Thus, while small businesses often seek exemption from protective regulations, their employees unfortunately have no such exemption from workplace tragedies. Just last week, an employee of a small 20-employee wood framing contract firm in Sioux Falls, South Dakota, lost his life. The worker was installing roof decking on a project and slipped off the roof and fell over 30 feet to the ground. The firm had failed to use any fall protection measures to prevent such an accident.
A similar tragedy occurred at a 24-employee recycling firm in Sheffield, Alabama on January 19. While removing scrap for recycling, a 28-year old man was struck and killed by a piece of metal. On January 24th, another worker operating a pulpwood loader, the sole employee of a small logging firm in Lineville, Alabama, was struck by the machine's boom and crushed to death against the loader.
I believe it is important to highlight the need for strong workplace safety and health standards and additional voluntary compliance assistance programs that can help prevent such tragic accidents. OSHA balances the need to develop protective regulations with the legal requirements set forth in our statute as well as other laws like the Regulatory Flexibility Act.
I want to take a moment to discuss some of the Department's newest initiatives to improve the regulatory process. These include outreach efforts to ensure that small employers understand our rules and how to comply with them. During the last two years we have focused on promulgating rules that are clear, cost-efficient and based on sound regulatory principles. Special efforts have also been made to ensure active participation in OSHA's rulemakings by all interested stakeholders, including small employers.
Just this year, we at OSHA put together a new strategy aimed at building a set of modern workplace safety and health standards, developed through partnerships with stakeholders, which make "real sense to real people." This planning process invited stakeholders to participate, both in writing and by attending scooping meetings, to discuss hazards that OSHA should consider addressing in the future.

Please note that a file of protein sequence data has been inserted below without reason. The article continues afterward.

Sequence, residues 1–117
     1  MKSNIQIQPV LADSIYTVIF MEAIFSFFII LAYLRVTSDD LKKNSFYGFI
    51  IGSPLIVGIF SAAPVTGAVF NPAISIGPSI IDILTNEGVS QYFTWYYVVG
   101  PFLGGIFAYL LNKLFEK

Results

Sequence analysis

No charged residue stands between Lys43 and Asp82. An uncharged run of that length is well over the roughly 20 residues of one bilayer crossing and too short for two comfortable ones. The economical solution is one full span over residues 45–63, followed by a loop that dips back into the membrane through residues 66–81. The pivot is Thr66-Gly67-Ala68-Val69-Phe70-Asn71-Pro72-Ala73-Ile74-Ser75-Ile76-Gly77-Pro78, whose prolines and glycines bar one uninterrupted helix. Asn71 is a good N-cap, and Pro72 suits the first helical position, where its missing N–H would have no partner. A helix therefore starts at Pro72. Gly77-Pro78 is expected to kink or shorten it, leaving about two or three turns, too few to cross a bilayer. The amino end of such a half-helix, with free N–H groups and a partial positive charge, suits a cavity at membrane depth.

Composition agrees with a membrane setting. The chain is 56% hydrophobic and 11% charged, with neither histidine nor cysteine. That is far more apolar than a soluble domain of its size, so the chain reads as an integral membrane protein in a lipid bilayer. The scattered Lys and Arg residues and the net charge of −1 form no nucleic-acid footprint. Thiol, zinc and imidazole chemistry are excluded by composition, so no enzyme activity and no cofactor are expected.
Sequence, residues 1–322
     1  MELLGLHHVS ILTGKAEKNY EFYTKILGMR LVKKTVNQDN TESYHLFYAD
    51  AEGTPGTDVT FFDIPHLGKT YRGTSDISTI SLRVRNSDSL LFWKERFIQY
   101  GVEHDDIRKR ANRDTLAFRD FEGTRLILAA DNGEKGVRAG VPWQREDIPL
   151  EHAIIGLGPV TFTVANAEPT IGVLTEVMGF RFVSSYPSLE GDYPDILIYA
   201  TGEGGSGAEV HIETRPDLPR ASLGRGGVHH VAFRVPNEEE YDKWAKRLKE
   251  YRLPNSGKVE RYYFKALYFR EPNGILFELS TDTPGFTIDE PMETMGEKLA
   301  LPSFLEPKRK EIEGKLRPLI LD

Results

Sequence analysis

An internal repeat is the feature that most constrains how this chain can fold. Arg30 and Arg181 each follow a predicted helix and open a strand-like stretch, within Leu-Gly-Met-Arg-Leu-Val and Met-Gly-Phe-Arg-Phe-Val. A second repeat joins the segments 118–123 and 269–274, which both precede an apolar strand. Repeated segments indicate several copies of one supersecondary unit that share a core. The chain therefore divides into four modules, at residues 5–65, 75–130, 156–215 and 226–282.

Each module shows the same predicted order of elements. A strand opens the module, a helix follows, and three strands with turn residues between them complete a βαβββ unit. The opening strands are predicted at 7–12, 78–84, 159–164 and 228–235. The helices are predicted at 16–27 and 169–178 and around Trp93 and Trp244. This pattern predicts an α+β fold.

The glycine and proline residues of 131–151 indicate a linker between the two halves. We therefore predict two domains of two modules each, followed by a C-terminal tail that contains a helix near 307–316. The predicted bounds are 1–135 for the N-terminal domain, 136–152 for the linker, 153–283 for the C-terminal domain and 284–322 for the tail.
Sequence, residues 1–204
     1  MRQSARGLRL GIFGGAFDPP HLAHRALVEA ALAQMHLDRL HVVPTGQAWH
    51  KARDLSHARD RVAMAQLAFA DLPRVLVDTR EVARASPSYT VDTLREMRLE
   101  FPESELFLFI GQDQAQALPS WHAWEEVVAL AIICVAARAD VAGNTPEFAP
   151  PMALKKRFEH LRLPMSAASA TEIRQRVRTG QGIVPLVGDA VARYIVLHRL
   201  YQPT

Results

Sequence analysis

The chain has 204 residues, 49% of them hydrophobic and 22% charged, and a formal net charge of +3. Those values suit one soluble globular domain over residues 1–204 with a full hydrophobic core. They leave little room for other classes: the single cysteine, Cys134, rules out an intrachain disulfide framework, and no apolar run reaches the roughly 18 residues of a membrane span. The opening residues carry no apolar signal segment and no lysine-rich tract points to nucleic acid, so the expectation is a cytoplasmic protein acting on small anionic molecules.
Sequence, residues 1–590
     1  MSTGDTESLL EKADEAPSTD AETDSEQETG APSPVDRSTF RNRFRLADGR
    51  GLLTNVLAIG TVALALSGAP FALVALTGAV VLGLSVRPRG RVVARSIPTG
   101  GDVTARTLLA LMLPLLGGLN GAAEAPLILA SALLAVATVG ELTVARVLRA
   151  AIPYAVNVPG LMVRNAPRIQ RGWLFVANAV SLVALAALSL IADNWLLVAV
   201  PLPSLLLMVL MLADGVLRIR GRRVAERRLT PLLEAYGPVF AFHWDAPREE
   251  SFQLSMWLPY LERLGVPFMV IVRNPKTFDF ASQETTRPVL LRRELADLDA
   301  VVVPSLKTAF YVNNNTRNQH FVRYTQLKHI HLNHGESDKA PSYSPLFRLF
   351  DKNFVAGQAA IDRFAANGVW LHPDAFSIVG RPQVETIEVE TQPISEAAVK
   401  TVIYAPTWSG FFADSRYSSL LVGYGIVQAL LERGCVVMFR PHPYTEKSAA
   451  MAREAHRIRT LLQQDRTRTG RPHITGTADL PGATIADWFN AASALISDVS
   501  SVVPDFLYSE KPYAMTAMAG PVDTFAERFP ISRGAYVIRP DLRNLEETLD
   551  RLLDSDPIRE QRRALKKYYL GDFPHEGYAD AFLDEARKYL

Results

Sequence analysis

The Department's agencies are also committed to writing regulations in plain English and providing employers with tools that will help them understand the rules and comply with them. We know these efforts are particularly beneficial to small employers.
OSHA's 1992 standard to protect workers from exposure to cadmium, for example, prevents occupational-related kidney disease and cancer. In direct response to requests from employers and medical professionals, OSHA developed an interactive software program, in cooperation with the Cadmium Council, to help them analyze workers' lab test results. The software classifies employees based on their test results and also recommends corrective action to be taken by the employer. The software allows the user the option of creating useful supporting documents, such as the required letters to affected workers and helpful checklists. This interactive compliance assistance tool is available free of charge and has been distributed both by OSHA and by the Cadmium Council.